Pink Discharge During Pregnancy: Is It Normal?

Pink Discharge During Pregnancy: Is It Normal?

27 Jul 2022 | 4 min Read

Sayani Basu

Author | 511 Articles

As a pregnant woman’s body prepares itself for nourishing a baby for the next nine months, there are a plethora of physical changes. Pink discharge during pregnancy is one such change.

The vagina secretes a thin milky-white discharge called leukorrhea during pregnancy and its volume increases throughout pregnancy to reduce the risk of vaginal and uterine infections. But what about pink discharge during pregnancy? Is it normal? Read on to know more.

Is Pink Discharge Normal During Pregnancy?

Pink discharge or light pink spotting during pregnancy is normal and is often nothing more than benign vaginal secretions combined with blood. Medical studies suggest that pink discharge is common during pregnancy and happens to one in every four pregnancies.

Pink discharge in the early stages of pregnancy is a mix of clear vaginal fluid and a little bit of blood. If your pink discharge is related to implantation bleeding (more on that in a minute), it can also look pinkish or brownish.

5 Causes of Pink Discharge During Pregnancy

There are several causes of pink discharge during pregnancy. Some of these are:

  1. Implantation bleeding: Pink discharge in early pregnancy might occur due to implantation bleeding.

It is a small amount of light spotting or bleeding that occurs about six to 12 days after conception and happens when the fertilised egg attaches to the lining of the uterus. 

Since the fertilised egg has to burrow into the lining of the implant, it can lead to a spectrum of discharge or spotting from light pink to red or brown.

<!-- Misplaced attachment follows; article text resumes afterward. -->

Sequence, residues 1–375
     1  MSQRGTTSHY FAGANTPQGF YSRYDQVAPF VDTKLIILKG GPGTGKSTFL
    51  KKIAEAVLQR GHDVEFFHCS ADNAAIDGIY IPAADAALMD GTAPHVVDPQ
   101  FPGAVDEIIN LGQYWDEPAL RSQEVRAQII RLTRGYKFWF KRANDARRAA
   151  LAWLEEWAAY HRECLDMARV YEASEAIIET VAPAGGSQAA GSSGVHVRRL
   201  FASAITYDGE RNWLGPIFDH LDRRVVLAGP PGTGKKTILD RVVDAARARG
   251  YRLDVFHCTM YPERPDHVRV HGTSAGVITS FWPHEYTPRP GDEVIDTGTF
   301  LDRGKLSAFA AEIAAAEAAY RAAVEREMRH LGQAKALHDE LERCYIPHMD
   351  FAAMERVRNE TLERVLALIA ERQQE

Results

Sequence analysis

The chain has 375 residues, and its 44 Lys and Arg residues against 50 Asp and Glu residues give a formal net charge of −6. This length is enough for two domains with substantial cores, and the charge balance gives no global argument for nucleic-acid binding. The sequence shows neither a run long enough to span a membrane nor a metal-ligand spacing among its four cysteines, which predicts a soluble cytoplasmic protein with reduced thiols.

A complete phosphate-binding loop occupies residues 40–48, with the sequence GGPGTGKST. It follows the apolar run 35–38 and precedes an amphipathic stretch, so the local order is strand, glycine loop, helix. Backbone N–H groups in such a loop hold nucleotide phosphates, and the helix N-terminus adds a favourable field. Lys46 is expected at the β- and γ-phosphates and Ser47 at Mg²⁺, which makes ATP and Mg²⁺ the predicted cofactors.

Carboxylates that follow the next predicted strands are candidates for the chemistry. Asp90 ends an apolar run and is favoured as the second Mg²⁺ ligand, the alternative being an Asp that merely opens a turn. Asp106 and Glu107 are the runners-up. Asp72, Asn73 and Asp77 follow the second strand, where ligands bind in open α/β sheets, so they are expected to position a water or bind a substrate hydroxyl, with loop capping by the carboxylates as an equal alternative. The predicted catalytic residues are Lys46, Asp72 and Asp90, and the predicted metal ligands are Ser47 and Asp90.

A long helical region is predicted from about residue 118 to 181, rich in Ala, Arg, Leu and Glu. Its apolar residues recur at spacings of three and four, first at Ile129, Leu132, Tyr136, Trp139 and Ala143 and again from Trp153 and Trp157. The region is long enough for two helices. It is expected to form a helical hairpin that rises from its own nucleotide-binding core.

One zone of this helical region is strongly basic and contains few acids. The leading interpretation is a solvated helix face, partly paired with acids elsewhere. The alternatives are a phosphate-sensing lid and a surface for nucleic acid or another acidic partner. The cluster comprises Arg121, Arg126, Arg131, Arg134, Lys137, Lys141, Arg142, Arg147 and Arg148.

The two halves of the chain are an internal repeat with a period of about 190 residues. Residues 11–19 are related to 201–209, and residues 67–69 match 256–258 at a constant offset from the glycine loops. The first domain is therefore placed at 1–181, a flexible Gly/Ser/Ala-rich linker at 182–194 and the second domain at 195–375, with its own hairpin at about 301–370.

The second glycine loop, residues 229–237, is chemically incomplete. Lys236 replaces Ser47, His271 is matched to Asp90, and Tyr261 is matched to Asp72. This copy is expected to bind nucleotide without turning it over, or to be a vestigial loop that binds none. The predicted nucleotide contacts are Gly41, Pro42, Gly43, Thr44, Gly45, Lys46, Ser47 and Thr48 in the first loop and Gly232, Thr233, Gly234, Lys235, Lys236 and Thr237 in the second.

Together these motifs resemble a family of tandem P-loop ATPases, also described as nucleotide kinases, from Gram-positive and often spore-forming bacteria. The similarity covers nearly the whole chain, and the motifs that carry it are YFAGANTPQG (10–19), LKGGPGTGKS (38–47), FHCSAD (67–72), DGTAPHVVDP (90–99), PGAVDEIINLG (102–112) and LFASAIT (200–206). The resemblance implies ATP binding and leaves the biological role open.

1. Intense exercise during pregnancy: If you’re performing a lot of heavy lifting or strenuous exercise during early pregnancy, you might observe some pink discharge.
pink discharge during pregnancy third trimester
It is recommended to avoid strenuous exercises during pregnancy and opt for the lighter ones. | Image Source: pexels

It is advisable to consult a doctor before you start your prenatal exercises.

  1. Ectopic pregnancy: From fertilisation to delivery, pregnancy involves a myriad of steps. One of these steps includes a fertilised egg travelling to the uterus to get attached.

If the fertilised egg attaches to the fallopian tube, abdominal cavity, or cervix instead of attaching to the uterus, it is known as an ectopic pregnancy. It leads to pink or brown discharge during pregnancy.

As a fertilised egg cannot grow anywhere other than the uterus, ectopic pregnancy is fatal for the foetus and requires immediate treatment to save the pregnant mum’s life.

  1. Tiny vaginal tears: Pink discharge during pregnancy can also be a result of tiny vaginal tears if you have harsh intercourse during pregnancy.

Such a discharge is mainly due to small vaginal lacerations as a result of the intercourse.

  1. An ovarian cyst that has burst: Ovarian cysts might also cause pink discharge during pregnancy. These are fluid-filled sacs that form on one or both of a woman’s ovaries.

Sometimes they can rupture during pregnancy and can cause a pink discharge. However, it is usually not a cause of concern.

When to Call A Doctor?

Usually, pink discharge during pregnancy is not a cause of concern. However, it is advisable to call a doctor if:

  • The discharge is accompanied by a foul odour.
  • The discharge causes redness or itching, or vulvar swelling.
  • Intense pain, nausea and vomiting
  • Headache
You can try using panty liners that will keep you dry and comfortable in case the discharge increases. | Image Source: pexels

It is recommended to use unscented soap and water for washing your genital area and make sure that your vagina is well-lubricated before having sex. You can try using panty liners that will keep you dry and comfortable in case the discharge increases.

DISCLAIMER: We have taken steps to check the accuracy of the information & practices shared above; however, it is not a replacement for a doctor’s opinion. Please check with either your doctor, or an expert, before trying any suggestion, practice, or medication mentioned here.











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